It's been a while since I've owned a .35 Rem. but have been keeping my eyes open for one recently. My previous .35's were Remingtons, a 760 Gamemaster that I was quite fond of, and two old automatics, an 8 and an 81. Lately, I've been thinking of a Marlin as I've got an 1895 in .45-70 and an 1894CL in .25-20 and like them both. My only other Marlin is a Model 56 in .22.
Recently I ran across a Marlin 336 RC in .35 Rem. at a local gun show. It looked pretty good, was an older model, and was marked $275. I talked with the seller ("Honest John") for a while and started to step away. He said, "Are you interested in that rifle?" to which I answered, "Not at $275." He came back with, "Are you interested at $250?" and I said, "Yes, I'll take it at that price but I've got to look down the barrel." The barrel easily passed inspection.
The rifle had a scope mounted on the top of the receiver, an older, inexpensive Glenfield that looked to be in excellent condition. Well, at least it said "Japan" on it rather than "China" but I've got one Chinese scope that I wouldn't have thought was any good (came "free" on a rifle) and it turned out to be fine. I believe Glenfield is a brand name that Marlin used, so maybe the scope has been on this rifle for a long time. The hammer extension is marked "JM".
I wasn't sure when this rifle was made, but the four digit serial number has a "U" on the beginning of it, and I know that "M" was 1955 as that's the serial prefix on my Marlin Model 56.. I didn't do the math at the time, but it turns out that it was made in 1961 and was older than I thought it looked. Doing the math wouldn't have been exact anyway, as I find that they skipped the letters "O" and "Q".
When I got it home, I took a much closer look at everything and gave it a basic cleaning. The first thing I noticed was that the scope mount was loose; maybe this was why Honest John wanted to sell it. He could never get his windage adjustment to stick. I took the scope off and sure enough, the base screws were loose, no Loc-Tite had been used but the threads in the holes were good. I'm not sure I want to have a scope on a .35 Rem. anyway, but I'll decide that later. I pulled the bolt on it (which you can easily do on a Marlin lever action but not a Winchester), and found some nice, dry "grey deposits." This grey substance is a combination of dirt, old oil, powder residue, and trace amounts of lead. We've all seen it. I cleaned the bolt, the receiver, the bore, the lever, the little ejector thingie that you have to remove to take out the bolt, and so on. Used a lot of Q Tips.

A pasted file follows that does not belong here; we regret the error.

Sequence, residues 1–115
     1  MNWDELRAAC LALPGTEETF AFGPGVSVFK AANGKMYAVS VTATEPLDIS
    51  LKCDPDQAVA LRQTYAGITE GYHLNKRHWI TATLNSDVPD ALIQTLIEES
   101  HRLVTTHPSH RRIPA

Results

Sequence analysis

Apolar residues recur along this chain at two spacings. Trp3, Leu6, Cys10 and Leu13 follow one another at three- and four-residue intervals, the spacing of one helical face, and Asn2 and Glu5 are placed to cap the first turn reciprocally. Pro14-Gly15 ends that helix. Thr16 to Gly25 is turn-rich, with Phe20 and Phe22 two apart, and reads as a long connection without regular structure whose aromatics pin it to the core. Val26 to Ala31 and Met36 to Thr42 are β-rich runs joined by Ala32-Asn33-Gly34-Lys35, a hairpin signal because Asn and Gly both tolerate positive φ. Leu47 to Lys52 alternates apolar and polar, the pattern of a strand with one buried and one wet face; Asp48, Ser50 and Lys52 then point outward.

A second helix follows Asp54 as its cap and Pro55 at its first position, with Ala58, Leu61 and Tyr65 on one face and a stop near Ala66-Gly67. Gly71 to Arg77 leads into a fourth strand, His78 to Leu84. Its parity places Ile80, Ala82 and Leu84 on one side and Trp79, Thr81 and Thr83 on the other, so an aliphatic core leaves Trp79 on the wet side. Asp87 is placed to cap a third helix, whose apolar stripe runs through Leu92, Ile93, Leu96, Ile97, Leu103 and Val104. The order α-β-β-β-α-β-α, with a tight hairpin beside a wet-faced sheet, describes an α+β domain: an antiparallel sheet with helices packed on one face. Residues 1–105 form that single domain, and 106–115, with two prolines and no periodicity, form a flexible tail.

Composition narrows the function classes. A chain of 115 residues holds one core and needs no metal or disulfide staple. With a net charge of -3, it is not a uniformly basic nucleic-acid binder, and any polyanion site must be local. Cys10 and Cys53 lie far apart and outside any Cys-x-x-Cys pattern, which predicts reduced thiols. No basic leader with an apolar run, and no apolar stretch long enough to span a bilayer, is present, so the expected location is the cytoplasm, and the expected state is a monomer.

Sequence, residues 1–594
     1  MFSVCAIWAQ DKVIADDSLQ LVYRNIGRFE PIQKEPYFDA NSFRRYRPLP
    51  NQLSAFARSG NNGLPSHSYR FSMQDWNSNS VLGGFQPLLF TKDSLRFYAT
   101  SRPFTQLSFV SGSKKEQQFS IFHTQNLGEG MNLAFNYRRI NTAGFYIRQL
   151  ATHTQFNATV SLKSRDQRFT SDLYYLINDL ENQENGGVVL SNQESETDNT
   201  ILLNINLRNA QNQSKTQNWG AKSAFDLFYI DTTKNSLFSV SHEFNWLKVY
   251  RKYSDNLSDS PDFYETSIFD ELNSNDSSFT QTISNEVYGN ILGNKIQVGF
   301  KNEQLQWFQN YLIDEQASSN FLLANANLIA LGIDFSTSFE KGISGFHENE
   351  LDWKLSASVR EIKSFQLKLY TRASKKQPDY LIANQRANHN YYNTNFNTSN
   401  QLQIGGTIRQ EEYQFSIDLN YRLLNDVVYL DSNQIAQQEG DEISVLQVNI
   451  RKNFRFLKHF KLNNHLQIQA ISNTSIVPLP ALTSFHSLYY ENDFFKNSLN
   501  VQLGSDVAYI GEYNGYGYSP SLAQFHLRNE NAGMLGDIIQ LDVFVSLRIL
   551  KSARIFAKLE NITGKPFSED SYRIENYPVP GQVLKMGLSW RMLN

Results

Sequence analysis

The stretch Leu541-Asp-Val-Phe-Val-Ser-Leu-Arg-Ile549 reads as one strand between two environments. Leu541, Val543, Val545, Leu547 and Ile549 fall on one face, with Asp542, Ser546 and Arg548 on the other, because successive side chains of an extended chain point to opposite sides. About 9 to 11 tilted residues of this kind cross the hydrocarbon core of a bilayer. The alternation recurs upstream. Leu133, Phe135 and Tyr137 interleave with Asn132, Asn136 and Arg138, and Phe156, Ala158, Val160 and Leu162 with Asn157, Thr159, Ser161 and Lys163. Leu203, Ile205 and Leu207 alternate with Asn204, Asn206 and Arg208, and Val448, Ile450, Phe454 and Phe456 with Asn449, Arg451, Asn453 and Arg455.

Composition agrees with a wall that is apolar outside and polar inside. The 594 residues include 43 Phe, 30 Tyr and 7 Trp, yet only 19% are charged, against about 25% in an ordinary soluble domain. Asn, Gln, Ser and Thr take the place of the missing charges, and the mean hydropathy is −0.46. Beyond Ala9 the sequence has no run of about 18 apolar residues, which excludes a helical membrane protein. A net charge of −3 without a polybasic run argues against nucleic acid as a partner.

This rifle cleaned up well. I will venture to say this rifle belonged to a hunting-only owner for a good many years. I don't know that the bolt had ever been out of it for cleaning. The bore had been fired, was dry but not overly dirty. However, they can look like that even sitting in a closet for years. There is very little wear on this rifle, an indicator that it might have belonged to a very occasional hunter. Guns like this that get carried a lot in the field usually have wear on the receiver to show for it.
I'm quite pleased with this latest purchase but there is one thing that I do not like about it. It has that stupid-assed gold-colored trigger that Marlin liked to put on at one time. A gold plated trigger doesn't do a thing for accuracy or functionality. It just looks tacky.
I'm glad that when a nice .35 Rem. came my way, it was a Marlin. Now that Marlin's future is uncertain what with their acquisition by Remington/Freedom Arms Group/Cerberus, who knows what we'll be able to get. And they won't be made in the old Marlin factory, either, if that means anything.
So I've had this rifle to the range lately and wasn't disappointed. It took me six rounds on the 50 yard range to zero the sights. It printed to the left, so I drifted the front sight a hair and my next shot showed that I was right on as to windage. I also raised the rear sight ramp a couple of notches to get it into the bull's eye. I fired a few more shots and zapped them right into the bull's eye. Another shooter had a chronograph set up, so I asked to send one across the instrument to check its speed. As he was finished with his target, I kinda snap shot one out to a hundred yards and was two inches off the bull's eye at around 7-8 o'clock.